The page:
Slogans such as 'Net Zero by 2050' are being adopted with remarkable alacrity by many organizations, including companies in the energy and oil businesses.
As a reminder, the term ‘Net Zero’ means that the organization in question intends to organize its operations such that it will have no net emissions of greenhouse gases by a specified date. The word ‘net’ is used because the organization is allowed to take credit for any action it takes to remove CO2 or other greenhouse gases from the atmosphere after they have been emitted.
There can be confusion as to who is responsible for the emissions. Is it the organization that creates the greenhouse gas while making a particular product, or is it the organization that uses the product? Discussion of this potential difficulty is provided in the post Greenhouse Gas Emission Scopes.
Although commitments to Net Zero goals are commendable, it is is worth spending a few moments considering just how realistic they are. In this article we consider three issues that may give us pause. They are:
- The rate at which we need to reduce greenhouse gas emissions (principally CO2), as contrasted with the rate at which we have been adding those gases to the atmosphere over the course of the last seven decades.
- The inexorable rate at which the concentration of CO2 in the atmosphere has been increasing, and
- The time it took to develop the current industrial infrastructure compared to the time available to us to develop a brand new way of industry as implied in the term ‘net zero emissions’.
Rate of CO2 Emissions
The following chart shows the rate at which we have been dumping CO2 into the atmosphere.
The chart shows that in the year 1950 world-wide emissions of carbon dioxide (CO2) were around 5 gigatons (billion metric tons) per annum. Since then emissions have climbed steeply and steadily. There was a slight slowdown during the pandemic, but we are now approaching an annual emissions rate of 40 gigatons.
The chart shows that the rate of increase has been around 0.5 gigatons each year. It also shows that, in order to drop to an emissions rate of zero by the year 2050 the decrease will need to be around 1.5 gigatons each year. In other words, we would have to cut emissions at a rate three times faster than we have been adding them. This is, to put it mildly, a huge challenge.
Given that carbon capture technologies are still at the pilot stage, virtually all of this reduction will have to be achieved by directly cutting emissions. This means no airplanes, no trucks, no ships — in other words, a shut down of the world’s economies. (The recently-published IPCC 2021 report concludes that, if we are to stay below 2°C above the industrial baseline this century, then emissions must peak by the year 2025.)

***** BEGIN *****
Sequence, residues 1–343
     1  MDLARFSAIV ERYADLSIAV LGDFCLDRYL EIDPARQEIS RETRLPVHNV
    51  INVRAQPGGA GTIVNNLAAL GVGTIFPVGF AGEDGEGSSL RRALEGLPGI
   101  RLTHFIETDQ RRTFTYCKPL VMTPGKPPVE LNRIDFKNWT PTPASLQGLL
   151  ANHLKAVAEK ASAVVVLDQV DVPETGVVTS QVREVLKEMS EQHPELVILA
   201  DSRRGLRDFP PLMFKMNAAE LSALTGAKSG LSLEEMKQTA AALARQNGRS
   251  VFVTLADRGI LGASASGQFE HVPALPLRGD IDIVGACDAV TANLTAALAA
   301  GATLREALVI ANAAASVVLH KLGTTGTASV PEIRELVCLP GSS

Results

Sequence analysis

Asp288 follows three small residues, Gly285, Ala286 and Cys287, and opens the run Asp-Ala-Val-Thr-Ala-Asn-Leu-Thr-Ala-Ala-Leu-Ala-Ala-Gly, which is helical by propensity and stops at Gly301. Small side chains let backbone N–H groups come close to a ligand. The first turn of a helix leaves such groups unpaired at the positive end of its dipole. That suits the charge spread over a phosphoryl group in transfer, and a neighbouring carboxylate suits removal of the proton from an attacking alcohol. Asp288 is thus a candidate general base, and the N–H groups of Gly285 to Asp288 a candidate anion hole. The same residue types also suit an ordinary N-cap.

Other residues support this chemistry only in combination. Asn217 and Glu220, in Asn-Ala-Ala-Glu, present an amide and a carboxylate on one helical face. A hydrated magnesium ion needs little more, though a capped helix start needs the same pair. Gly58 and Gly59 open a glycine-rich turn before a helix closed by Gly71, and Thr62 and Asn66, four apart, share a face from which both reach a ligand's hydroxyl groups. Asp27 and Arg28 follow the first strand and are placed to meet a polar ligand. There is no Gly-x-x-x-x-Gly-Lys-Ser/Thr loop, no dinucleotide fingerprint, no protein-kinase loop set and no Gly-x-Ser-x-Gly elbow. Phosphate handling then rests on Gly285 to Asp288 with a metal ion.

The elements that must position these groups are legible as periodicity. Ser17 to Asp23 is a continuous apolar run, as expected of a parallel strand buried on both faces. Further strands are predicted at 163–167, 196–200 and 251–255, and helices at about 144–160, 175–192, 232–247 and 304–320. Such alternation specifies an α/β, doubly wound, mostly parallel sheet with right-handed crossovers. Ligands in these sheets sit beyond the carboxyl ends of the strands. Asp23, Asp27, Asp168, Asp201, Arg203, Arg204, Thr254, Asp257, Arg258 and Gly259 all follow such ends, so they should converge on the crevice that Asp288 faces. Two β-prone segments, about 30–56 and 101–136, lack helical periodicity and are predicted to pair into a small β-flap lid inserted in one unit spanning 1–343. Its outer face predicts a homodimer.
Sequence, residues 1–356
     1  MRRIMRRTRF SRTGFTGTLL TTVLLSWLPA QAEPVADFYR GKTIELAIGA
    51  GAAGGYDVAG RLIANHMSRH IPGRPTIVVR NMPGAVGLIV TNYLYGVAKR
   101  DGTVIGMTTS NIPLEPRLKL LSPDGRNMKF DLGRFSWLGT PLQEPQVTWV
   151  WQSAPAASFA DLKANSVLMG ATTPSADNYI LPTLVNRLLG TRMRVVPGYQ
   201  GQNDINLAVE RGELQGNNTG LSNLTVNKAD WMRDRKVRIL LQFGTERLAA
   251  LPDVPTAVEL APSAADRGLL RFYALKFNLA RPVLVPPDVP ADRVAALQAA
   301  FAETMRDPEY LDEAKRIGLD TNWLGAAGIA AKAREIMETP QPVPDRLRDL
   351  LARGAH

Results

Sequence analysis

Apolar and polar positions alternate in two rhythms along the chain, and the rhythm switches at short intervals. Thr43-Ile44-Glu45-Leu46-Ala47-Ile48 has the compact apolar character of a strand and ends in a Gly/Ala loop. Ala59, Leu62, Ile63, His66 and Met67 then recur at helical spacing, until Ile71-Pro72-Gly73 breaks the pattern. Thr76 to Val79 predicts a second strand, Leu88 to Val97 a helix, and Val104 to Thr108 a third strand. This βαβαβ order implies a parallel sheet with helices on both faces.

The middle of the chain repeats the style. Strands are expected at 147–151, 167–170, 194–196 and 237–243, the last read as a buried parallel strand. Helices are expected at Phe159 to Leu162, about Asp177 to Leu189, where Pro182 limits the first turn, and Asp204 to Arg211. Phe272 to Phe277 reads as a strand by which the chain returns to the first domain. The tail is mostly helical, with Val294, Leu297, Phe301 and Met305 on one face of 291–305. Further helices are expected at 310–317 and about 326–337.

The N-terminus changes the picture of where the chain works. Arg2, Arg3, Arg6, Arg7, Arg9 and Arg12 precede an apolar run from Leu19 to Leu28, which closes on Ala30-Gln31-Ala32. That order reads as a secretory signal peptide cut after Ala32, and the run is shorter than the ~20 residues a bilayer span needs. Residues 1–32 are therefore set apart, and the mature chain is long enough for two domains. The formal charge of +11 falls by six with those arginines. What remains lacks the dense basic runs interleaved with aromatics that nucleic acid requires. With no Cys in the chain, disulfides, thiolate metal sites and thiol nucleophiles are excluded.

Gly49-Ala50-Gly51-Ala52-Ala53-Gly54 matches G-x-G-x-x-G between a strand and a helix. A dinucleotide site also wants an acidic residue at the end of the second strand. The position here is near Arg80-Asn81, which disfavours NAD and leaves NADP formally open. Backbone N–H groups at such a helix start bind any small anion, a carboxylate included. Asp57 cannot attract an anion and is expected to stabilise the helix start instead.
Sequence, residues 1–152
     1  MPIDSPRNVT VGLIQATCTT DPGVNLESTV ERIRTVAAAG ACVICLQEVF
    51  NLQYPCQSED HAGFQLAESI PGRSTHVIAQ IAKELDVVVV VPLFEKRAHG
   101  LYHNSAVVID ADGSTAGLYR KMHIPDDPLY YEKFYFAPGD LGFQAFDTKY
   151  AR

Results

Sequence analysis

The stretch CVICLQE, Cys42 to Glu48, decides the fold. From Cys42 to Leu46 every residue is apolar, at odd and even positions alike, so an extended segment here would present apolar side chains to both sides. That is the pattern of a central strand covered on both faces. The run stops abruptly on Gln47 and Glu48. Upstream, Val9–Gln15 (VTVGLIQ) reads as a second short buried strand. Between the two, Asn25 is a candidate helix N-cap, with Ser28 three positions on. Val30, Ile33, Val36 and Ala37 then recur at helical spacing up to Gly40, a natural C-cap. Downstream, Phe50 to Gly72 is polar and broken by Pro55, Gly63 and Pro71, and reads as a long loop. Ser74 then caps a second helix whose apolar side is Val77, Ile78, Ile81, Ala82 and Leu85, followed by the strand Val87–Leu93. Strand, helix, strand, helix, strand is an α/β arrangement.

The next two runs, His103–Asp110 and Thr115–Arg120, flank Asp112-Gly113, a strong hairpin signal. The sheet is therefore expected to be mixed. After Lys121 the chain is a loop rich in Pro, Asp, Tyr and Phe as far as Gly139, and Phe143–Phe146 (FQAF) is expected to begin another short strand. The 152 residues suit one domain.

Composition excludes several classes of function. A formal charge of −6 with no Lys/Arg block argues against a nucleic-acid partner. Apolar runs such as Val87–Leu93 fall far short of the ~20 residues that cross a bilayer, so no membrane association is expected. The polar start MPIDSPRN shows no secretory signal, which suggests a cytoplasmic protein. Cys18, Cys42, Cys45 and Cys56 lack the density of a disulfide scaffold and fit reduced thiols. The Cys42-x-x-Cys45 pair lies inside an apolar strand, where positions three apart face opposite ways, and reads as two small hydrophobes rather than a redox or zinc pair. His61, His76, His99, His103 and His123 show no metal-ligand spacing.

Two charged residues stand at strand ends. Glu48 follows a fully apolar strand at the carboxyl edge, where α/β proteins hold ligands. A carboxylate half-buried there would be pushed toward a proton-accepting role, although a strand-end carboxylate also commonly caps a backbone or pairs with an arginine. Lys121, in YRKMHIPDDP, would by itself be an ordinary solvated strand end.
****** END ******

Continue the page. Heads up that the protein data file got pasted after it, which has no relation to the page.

The next chart is known as the Keeling Curve. It shows the concentration of CO2 in the atmosphere as measured at the Mauna Loa observatory in Hawaii, starting in the year 1958. Overlaid on the curve are the acronyms for some of the important international meetings that have taken place, and the U.N. reports that have been published.
We see that, spite of the many international conferences that have taken place, the well-meaning government statements of intent, and the findings of the many learned reports that have been issued, CO2 concentrations in the last three decades have continued their inexorable climb. If anything the rate of change is actually accelerating. There are no signs that we are making progress in bending this curve so that CO2 concentrations return to their 1990s level.
The Next Industrial Revolution
The transition to Net Zero is much, much more complicated than simply switching from one form of energy to another and then continuing with Business as Usual. Net Zero implies a radical transformation of the way industry and society works — it is, in effect, a second Industrial Revolution.
The first Industrial Revolution, which is better called the Fossil Fuel Revolution, took place when we learned how to exploit the buried energy embedded in coal, oil and gas. Yet the first Industrial Revolution has taken 300 years to reach maturity.
A convenient starting point for it is the year 1712 when the Baptist minister Thomas Newcomen (1664-1729) developed an “atmospheric engine” for removing water from mines. This invention meant that coal production could be radically increased, thus providing the fuel for the development of industry. Some 150 years later the oil fields of Pennsylvania ushered in the second phase of the industrial revolution, based on oil, not coal.
We are now talking about repeating a process that is just as drastic, but in 30 years, not 300 years. Once more, this presents an extraordinary challenge.